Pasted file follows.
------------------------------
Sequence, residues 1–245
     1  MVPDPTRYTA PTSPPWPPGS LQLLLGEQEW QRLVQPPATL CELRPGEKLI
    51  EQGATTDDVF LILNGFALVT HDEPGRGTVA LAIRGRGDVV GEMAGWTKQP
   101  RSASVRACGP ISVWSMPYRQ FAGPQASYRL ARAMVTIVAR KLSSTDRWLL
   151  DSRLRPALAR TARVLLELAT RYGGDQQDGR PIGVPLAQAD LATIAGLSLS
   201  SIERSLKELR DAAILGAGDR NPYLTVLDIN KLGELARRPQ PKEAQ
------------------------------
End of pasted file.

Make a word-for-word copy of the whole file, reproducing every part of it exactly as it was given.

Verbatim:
Sequence, residues 1–245
     1  MVPDPTRYTA PTSPPWPPGS LQLLLGEQEW QRLVQPPATL CELRPGEKLI
    51  EQGATTDDVF LILNGFALVT HDEPGRGTVA LAIRGRGDVV GEMAGWTKQP
   101  RSASVRACGP ISVWSMPYRQ FAGPQASYRL ARAMVTIVAR KLSSTDRWLL
   151  DSRLRPALAR TARVLLELAT RYGGDQQDGR PIGVPLAQAD LATIAGLSLS
   201  SIERSLKELR DAAILGAGDR NPYLTVLDIN KLGELARRPQ PKEAQ